Now that we are comfortable with the APIC creating the microcode to program our "giant switch," let's look at how the ACI infrastructure self assembles. The first step is to bootstrap the APICs and configure each one via console and OOB.
The APICs will "discover" the leaf switches via LLDP that they are attached to, then those leaf switches are registered, given a DHCP address from the APIC and become part of the fabric. The leaf switches then discover the spines, the spines get DHCP addresses and become part of the fabric. The spines discover remaining leafs that are not attached to an APIC, and these get registered, get a DHCP address and become part of the "giant switch."
A good analogy would be inserting a line card to a NEXUS 7K and being prompted, "Do you want to add this line card Yes/No." Similar to the spines, it would be like adding a fabric module to the NEXUS 7K. All of this happens under the covers, just as is with NEXUS 7K line card or fabric module insertion.
Once the fabric is discovered and registered, the fabric turns on IS-IS routing to create the Equal Cost Multi-Pathing (ECMP) routing for the DHCP addressing. This IS-IS routing is pre-configured and tuned for the fastest convergence.
This ECMP routing of the DHCP addresses (loopbacks) is what is called the underlay network. An overlay network is created using VXLAN encapsulation for connectivity between the ports and leaf switches. This VXLAN Tunnel Endpoint (VTEP) is bound to the loopback, and its reachability is via the underlay IS-IS ECMP routing table.
Just like we do not create the connectivity between the ASICs, fabric modules, backplane and supervisors in a NEXUS 7K, we allow ACI to do all this for us as well. What we do is create connectivity policies in the APIC to allow various leafs and ports to communicate via L2 and L3. The APIC will push the microcode just like a NEXUS 7K supervisor does.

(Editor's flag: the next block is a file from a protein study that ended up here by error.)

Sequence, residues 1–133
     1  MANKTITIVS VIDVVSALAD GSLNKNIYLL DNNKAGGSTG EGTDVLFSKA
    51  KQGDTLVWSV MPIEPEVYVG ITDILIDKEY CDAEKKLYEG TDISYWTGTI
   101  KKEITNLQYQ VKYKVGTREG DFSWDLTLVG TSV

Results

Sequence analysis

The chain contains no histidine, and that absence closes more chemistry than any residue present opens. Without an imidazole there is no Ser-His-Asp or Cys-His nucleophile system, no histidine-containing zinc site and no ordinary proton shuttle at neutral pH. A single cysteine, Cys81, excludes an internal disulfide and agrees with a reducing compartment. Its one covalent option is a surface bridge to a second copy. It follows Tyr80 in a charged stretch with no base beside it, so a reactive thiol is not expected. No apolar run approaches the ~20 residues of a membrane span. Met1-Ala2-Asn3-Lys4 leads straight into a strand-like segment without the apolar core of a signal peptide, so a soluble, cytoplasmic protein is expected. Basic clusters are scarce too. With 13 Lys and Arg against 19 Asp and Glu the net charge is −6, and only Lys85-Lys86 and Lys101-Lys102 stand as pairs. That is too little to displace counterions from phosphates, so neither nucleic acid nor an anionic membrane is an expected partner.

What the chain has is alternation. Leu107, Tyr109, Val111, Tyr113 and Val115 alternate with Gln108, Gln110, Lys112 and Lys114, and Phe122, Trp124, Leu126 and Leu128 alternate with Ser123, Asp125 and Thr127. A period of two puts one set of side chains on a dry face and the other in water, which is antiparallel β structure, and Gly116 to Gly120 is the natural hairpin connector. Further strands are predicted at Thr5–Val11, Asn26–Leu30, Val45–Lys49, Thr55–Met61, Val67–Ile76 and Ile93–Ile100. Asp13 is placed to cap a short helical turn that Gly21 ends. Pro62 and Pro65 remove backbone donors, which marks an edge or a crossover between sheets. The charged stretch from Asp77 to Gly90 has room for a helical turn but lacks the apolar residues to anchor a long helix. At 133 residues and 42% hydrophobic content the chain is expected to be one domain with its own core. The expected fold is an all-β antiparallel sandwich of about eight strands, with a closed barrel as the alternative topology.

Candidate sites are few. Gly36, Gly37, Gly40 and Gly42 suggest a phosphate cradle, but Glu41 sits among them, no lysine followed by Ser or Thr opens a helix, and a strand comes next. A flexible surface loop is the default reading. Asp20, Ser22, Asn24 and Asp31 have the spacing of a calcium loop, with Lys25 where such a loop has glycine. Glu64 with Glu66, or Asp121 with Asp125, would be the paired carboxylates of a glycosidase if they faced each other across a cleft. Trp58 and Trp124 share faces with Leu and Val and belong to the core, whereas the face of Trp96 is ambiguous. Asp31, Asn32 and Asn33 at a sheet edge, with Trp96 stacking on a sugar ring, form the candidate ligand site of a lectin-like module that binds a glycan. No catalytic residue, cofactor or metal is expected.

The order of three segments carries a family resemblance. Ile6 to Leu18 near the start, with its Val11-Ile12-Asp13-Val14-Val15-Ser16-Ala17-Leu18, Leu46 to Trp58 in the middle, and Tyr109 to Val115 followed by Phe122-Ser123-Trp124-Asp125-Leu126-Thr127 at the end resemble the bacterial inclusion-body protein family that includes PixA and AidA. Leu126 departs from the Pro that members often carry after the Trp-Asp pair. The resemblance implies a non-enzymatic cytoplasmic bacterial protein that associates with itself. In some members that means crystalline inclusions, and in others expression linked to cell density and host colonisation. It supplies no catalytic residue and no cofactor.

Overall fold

This final example shows us how to compare traditional switching with ACI "network-centric" and "application-centric" modes. In the left example, we see a VDC called Tenant_A, with a VRF called VRF_Prod. Connected to that are three SVIs for VLANs 10,20,30 and attached to that are VLANs 10,20,30. We then add ports from various line cards to the VLANs to get connectivity between devices. If we want to have filtering between the VLANs, we create ACLs and apply them to the SVIs, which is the way networking has been for decades.
In ACI we can have what is "network-centric" or "VLAN mapping" mode. We create the same constructs; instead of a VDC, we create a Tenant called Tenant_A and a VRF called VRF_Prod. What is different is the SVI is now called a bridge domain, and our VLANs are now called End Point Groups (EPGs). We also can apply filters between the EPGs using contracts (instead of ACLs). The significant difference is that a contract cannot be IP-to-IP specific but rather EPG-to-EPG specific.
We also have a mode known as "application-centric" mode. In this mode, we place all of our web workloads that require the same security filtering into a Web EPG and apply contracts to allow connectivity. One nice feature with this is that, quite often, a group of web servers may be across different subnets, and we can add all of our multiple subnets to our bridge domain (think IP Secondary on an SVI).
The challenge with application-centric mode is that you must know exactly what ports and protocols are traversing the network so you can create the proper filtering. The other challenge is Day 2, when an application owner upgrades or adds functionality and your filtering needs to be changed. Going application-centric requires a dedicated Application Dependency Mapping (ADM) tool.
When understood, these six steps will help anyone new to ACI to understand a more detailed technical discussion. To continue the ACI discussion, get started with a hands-on workshop.